When I decided to buy the Sony Ericsson P910, I didn't just want another fancy phone. Shawn and I have spent countless hours talking about the evolution of what we refer to as the Personal Media Device. This "PMD" or whatever you want to call it, isn't just a cool phone that can take pictures and make phone calls. This is the device where we originate, consume, and experience content in an always connected and location aware setting.
We see devices become ever more complex and capable of doing amazing things. We see networks evolve into high speed data pipelines that don't really care about who/how/or what they are connected to. Traditional media is created at the center of the network with expensive production budgets. The future world of media, media created at the edge of the network is quickly sprouting up around us as evidenced by blogging, podcasting, self publication, social networking as construct for media dissemination, etc.
So my personal exploration was to find the device or devices that gave me the best glimpse into what that world will look like. I looked at a variety of devices and ultimately decided on the Sony Ericsson P910 for a variety of reasons including some personal bias given my history with Sony and my devotion to a lot of their products.
The device I wanted to use had to meet a number of criteria including:
1. The ability to access the Internet and actually recreate the web experience on the phone.
2. The ability to create media, whether that is pictures, video, or text.
3. The ability to consume media, again along a variety of media types.
4. Good form factors and usability.
5. The ability to eliminate my laptop on business trips.
My take on the P910 is as follows and not necessarily in the order above:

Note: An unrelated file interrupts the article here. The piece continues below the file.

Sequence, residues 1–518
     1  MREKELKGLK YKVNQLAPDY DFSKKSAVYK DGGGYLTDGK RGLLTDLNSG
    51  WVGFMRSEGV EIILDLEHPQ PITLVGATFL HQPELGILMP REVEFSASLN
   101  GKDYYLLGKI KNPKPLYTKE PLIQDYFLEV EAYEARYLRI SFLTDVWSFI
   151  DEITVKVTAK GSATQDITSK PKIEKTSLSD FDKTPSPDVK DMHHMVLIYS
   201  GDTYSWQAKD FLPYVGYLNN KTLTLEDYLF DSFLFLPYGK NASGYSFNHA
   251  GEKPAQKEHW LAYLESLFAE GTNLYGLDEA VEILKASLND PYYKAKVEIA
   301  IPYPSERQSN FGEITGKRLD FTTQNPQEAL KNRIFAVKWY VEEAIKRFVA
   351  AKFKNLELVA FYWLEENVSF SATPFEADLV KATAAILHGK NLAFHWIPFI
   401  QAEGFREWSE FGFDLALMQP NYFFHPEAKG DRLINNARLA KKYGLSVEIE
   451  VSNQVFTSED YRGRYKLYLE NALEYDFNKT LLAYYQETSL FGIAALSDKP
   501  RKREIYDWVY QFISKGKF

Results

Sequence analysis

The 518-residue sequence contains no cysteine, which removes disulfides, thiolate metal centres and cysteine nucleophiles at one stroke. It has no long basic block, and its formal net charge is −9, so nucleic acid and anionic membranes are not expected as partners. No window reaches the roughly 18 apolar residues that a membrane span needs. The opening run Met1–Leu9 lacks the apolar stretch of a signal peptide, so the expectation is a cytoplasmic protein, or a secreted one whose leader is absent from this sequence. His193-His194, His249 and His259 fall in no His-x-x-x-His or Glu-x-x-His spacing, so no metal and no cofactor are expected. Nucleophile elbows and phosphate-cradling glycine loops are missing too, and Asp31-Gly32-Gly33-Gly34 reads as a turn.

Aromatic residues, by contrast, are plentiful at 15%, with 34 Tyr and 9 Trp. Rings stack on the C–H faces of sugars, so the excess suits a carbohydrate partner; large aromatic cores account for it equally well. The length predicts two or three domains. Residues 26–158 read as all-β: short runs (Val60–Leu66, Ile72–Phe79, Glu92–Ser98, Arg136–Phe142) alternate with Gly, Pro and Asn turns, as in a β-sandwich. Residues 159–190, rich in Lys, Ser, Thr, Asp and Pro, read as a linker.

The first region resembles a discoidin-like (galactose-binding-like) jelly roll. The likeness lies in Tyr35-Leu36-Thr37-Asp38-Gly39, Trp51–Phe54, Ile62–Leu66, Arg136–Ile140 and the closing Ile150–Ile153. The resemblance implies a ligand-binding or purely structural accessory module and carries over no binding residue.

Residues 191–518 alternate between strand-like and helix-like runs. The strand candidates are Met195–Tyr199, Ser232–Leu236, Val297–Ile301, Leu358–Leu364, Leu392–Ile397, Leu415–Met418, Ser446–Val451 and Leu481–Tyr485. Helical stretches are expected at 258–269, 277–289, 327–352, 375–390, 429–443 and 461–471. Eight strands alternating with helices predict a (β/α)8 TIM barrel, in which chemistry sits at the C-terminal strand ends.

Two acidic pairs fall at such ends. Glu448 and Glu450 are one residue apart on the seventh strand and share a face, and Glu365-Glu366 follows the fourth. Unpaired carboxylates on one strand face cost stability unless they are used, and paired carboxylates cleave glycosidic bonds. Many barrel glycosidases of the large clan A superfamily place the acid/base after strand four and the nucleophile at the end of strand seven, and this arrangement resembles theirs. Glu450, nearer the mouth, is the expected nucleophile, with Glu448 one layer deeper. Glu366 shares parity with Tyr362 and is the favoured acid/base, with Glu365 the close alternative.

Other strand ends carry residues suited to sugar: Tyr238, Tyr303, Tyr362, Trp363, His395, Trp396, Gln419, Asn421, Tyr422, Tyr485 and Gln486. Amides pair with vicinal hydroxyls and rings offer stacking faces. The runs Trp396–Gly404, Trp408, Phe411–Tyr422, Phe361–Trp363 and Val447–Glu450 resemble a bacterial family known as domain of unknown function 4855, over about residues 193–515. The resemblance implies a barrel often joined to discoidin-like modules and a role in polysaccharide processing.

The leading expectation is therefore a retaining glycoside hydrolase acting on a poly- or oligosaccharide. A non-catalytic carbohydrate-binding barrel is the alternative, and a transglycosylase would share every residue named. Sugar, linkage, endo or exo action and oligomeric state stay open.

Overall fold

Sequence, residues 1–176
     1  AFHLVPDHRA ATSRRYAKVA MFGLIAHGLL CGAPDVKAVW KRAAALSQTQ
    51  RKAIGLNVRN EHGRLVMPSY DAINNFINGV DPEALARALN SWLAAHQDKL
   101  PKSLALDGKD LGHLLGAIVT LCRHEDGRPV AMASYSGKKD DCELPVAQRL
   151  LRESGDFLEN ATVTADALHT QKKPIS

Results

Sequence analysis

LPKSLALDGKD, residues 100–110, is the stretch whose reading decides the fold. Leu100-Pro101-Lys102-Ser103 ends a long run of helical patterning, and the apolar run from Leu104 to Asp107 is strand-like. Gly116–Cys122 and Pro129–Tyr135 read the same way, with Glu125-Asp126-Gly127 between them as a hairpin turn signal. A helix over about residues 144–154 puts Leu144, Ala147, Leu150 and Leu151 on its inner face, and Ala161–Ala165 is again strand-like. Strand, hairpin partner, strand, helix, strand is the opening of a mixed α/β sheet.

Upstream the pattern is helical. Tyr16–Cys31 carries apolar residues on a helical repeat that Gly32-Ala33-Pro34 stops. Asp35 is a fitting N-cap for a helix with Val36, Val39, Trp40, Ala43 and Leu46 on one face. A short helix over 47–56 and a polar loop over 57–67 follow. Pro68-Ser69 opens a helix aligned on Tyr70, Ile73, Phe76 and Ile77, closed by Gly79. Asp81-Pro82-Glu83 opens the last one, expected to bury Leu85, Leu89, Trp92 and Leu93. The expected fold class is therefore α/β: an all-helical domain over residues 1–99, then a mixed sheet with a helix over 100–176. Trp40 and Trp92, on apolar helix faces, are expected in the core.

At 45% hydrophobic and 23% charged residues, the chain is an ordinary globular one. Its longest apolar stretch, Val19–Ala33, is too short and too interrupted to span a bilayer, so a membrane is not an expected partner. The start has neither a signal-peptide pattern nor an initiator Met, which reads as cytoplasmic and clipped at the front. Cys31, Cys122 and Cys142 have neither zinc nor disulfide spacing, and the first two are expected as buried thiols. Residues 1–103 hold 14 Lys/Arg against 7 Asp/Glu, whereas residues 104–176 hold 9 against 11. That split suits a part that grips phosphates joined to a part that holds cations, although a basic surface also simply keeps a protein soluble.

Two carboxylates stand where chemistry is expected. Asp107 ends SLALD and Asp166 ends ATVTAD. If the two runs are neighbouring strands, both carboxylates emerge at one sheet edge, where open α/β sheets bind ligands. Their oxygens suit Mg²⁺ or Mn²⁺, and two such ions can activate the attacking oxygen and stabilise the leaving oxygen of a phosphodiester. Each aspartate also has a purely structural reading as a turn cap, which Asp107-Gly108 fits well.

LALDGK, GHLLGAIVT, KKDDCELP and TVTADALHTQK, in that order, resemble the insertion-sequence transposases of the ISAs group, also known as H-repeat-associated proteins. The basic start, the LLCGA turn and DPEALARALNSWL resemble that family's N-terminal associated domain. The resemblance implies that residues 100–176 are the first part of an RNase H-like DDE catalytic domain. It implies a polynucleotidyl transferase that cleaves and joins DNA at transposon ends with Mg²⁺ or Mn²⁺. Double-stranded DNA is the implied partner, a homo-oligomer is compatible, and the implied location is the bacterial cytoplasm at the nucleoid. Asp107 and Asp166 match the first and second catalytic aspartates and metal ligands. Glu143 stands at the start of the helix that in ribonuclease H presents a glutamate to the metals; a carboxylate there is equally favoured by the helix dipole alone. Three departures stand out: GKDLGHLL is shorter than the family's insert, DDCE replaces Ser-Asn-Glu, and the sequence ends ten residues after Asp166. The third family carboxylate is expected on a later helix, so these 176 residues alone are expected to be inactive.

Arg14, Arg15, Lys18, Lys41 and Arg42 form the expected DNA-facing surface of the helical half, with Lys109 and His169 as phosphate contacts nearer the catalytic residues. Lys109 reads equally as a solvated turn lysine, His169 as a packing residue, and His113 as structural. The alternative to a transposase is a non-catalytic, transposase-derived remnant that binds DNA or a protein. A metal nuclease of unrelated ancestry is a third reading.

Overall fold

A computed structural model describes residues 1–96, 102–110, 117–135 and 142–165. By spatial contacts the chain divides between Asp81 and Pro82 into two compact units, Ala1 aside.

Size and form factor: The P910 is a bit bulky compared to all of my previous phones. Although it is large, it is fairly lightweight. Although I appreciate this as I usually carry a phone in my pocket, I am concerned about the ruggedness of the device once I experience the inevitable drop. The P910 is an interesting device from a form factor because of it's multiple modes on input including normal handset keypad, a thumbpad(a shrunken version of the Blackberry for my money) and a touch screen data entry facility. In addition to this I have augmented the data entry capability by purchasing a Bluetooth full size keyboard. This keyboard is a critical piece to addressing criteria number 5 in my personal checklist.
Overall I have found the size to be fine although not as sleek as the Audiovox that Scoble raves about. The thumbpad is not something that is really useful for a largish sort of man with big digits as I fear I am going to break it off. That said, I find myself varying the different input modes as the situation dictates and find that I like the flexibility and actually use the thumbpad at times. All in all I think that I rate this area as above average.
Software: I like the Symbian OS. It has some bugs that one can expect on any sort of device, but the P910 comes shipped with a variety of applications that allow me to live in the Microsoft required business world I live in, while giving me a lot of flexibility. Specifically the piece I am most happy about with respect to hardware is the presence of the Opera browser. I love how Opera works on this handset. Aside from some network configuration issues I experienced, it has been awesome. In addition to the shipped software, you can get a variety of Symbian UIQ software that has been successful on previous versions of this device (P800 and P900). The biggest disappointment on the hardware side was the limites support for PIM software other than Outlook and Lotus. I regrettably had to migrate from ACT to Outlook which has been disappointing as I think Outlook is a really buggy and disappointing PIM relative to packages like ACT and Goldmine.